Mixtape Review: Dedication 4



Album Rating: 3/10

After waiting a year and enduring multiple delays, Lil Wayne has finally released a new project: the highly anticipated fourth installment to his “Dedication” mixtape series, Dedication 4. In this mixtape, Lil Wayne once again collaborates with DJ Drama to rap over a collection of instrumentals of the hottest hip-hop songs out on the radio today.

Lil Wayne fans will not be disappointed. The mixtape is typical Lil Wayne, braggadocio rap over southern beats filled with hard bass and catchy hooks. The problem is he just doesn’t do it well. The raps are filled with weak metaphors and worn out subject matter. There is not one song in the whole mixtape wherein Lil Wayne talks about anything but the cliché cars, money, girls, and clothes. Furthermore, he struggles to even stay on one topic and ends up all over the place which in turn makes the album sound like one big freestyle. There is no well thought-out subject matter and by the end of the song you will have gained nothing from listening to it. Not to mention the fact that twelve of the fifteen tracks in the album are all similar in that they are club beats with booming bass which soon makes the songs hard to differentiate from one another.

Now it is understandable that people do not always want to listen to lyrics. In a situation such as a party, it’s great to put these kinds of songs on and just have fun. However, with such a well-known and accomplished artist like Lil Wayne, one of the main figures of mainstream hip-hop today, it is very disappointing to see a whole album whose content is nothing but “party” hip-hop. There is no substance to the music.

Even the features weren’t phenomenal. In the “Mercy” remix, Nicki Minaj spits a weak verse and manages to throw in a controversial line claiming to be “A Republican voting for Mitt Romney.” J. Cole, the most prominent lyricist in the mixtape, has an average verse. Cole’s lyrics are stellar, but he just doesn’t sound well over the beat. His flow seems forced and unnatural. The most surprising feature on the mixtape, however, is Lil Mouse, a thirteen year old rapper who at his young age uses explicit language to rap about carrying guns and going to the club. It is appalling that Lil Wayne, a rapper with such a huge influence in the mainstream and pop demographic of hip-hop, would even feature the young rapper and support him.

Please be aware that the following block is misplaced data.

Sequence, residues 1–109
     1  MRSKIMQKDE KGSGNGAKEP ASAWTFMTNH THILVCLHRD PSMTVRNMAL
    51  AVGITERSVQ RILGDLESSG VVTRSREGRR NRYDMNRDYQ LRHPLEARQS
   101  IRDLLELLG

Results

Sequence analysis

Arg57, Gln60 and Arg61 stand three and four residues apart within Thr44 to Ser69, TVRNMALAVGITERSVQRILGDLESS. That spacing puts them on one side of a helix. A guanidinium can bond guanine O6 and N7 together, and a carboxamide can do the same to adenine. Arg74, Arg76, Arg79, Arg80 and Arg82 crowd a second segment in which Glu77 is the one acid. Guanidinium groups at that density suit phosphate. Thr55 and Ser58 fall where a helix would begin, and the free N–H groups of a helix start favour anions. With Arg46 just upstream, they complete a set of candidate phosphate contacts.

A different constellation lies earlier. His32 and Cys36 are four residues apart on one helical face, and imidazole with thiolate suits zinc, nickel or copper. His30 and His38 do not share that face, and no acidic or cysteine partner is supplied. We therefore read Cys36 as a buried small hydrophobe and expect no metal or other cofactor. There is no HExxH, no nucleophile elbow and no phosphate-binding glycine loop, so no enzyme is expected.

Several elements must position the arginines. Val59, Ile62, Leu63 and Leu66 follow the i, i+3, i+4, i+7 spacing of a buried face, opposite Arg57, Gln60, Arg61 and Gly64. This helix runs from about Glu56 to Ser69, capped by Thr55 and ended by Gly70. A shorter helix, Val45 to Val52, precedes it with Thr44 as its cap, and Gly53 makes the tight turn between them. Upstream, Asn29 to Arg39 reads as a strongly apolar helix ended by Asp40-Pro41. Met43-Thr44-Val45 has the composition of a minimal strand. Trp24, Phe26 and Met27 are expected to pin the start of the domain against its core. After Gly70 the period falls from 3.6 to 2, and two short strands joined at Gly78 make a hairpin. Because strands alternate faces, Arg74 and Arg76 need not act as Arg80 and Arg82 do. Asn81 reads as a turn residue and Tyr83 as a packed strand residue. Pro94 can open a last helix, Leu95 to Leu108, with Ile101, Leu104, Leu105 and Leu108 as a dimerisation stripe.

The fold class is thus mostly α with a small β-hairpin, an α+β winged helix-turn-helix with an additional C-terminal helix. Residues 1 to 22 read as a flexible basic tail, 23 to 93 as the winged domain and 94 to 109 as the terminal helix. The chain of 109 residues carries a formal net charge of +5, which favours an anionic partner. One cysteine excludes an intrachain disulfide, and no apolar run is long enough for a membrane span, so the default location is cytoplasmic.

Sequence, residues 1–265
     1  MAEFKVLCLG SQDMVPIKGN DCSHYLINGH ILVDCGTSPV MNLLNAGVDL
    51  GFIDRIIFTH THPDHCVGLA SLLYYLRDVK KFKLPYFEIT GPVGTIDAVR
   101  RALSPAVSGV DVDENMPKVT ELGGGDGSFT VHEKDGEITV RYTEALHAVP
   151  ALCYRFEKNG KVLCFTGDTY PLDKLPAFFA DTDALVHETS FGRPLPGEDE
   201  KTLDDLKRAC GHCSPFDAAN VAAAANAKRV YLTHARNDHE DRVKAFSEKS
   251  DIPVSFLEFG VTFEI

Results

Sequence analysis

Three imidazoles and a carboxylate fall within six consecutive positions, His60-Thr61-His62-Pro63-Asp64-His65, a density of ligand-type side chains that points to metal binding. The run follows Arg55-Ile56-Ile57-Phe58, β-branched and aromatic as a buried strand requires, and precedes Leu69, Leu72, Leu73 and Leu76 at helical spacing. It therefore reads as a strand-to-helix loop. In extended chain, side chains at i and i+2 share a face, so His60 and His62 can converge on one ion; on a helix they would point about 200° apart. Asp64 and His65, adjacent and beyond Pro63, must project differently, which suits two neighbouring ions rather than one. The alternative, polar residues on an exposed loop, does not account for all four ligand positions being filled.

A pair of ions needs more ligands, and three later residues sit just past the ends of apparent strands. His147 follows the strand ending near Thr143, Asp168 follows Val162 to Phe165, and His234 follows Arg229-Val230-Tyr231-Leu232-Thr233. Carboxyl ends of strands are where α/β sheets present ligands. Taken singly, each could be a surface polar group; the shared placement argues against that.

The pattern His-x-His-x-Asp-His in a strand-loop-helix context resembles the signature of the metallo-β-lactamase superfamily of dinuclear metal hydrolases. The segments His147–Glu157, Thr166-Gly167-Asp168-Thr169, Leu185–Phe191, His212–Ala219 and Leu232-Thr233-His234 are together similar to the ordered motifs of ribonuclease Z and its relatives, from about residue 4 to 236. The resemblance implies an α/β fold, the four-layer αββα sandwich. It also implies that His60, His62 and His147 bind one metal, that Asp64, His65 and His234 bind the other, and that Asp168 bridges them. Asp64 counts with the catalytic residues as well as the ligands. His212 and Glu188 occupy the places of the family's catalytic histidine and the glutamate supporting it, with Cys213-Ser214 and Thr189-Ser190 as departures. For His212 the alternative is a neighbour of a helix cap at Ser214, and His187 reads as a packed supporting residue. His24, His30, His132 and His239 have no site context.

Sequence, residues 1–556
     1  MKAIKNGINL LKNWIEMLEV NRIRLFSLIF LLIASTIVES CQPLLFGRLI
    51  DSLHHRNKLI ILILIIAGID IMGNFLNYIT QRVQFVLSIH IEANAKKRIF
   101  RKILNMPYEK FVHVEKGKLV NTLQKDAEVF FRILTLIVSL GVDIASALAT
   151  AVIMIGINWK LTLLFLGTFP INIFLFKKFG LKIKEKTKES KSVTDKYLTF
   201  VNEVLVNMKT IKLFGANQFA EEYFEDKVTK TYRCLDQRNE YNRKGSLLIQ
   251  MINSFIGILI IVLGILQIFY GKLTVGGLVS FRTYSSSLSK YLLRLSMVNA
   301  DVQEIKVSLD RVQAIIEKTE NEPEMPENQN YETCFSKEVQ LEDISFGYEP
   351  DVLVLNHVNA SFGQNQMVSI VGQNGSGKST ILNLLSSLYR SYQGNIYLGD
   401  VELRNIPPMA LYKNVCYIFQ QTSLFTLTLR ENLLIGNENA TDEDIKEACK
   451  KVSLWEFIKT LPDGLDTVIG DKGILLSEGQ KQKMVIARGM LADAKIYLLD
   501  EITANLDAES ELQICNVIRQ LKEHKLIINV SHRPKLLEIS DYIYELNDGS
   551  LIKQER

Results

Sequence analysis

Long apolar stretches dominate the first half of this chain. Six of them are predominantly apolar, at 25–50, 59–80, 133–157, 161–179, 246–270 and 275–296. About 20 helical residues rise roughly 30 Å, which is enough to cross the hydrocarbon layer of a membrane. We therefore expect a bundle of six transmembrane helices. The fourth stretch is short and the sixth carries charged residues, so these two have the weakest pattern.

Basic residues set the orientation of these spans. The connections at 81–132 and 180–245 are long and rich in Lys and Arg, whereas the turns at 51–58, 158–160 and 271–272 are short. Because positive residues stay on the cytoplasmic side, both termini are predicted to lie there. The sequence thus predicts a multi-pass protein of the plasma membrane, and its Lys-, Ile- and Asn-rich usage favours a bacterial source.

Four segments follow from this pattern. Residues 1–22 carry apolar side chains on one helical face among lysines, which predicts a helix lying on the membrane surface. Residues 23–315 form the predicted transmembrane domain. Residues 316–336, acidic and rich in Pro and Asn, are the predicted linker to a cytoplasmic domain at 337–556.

If there is a positive thing about the lyrics, it is the abundance of funny punchlines. This is seen in the song “Green Ranger” wherein Wayne claims to be going “banana pudding” or in the song “Burn” in which Lil Wayne claims to “get better like fine wine” and is “fire like cayenne.” Lines of this nature appear so much throughout the mixtape that it’s confusing whether Wayne is being funny or is actually taking these “punchlines” seriously. In either case, it’s better to have funny and corny bars than nothing at all.

The Dedication 4 mixtape wasn’t surprising. It will be a good listen to fans of Lil Wayne and other mainstream, radio, hip-hop fans who listen to songs with largely southern influenced beats that feature booming bass and catchy hooks. However, if you are looking for lyrical ability, and songs with substance and content, don’t listen to this mixtape at all. There are many better rappers out there worth your time.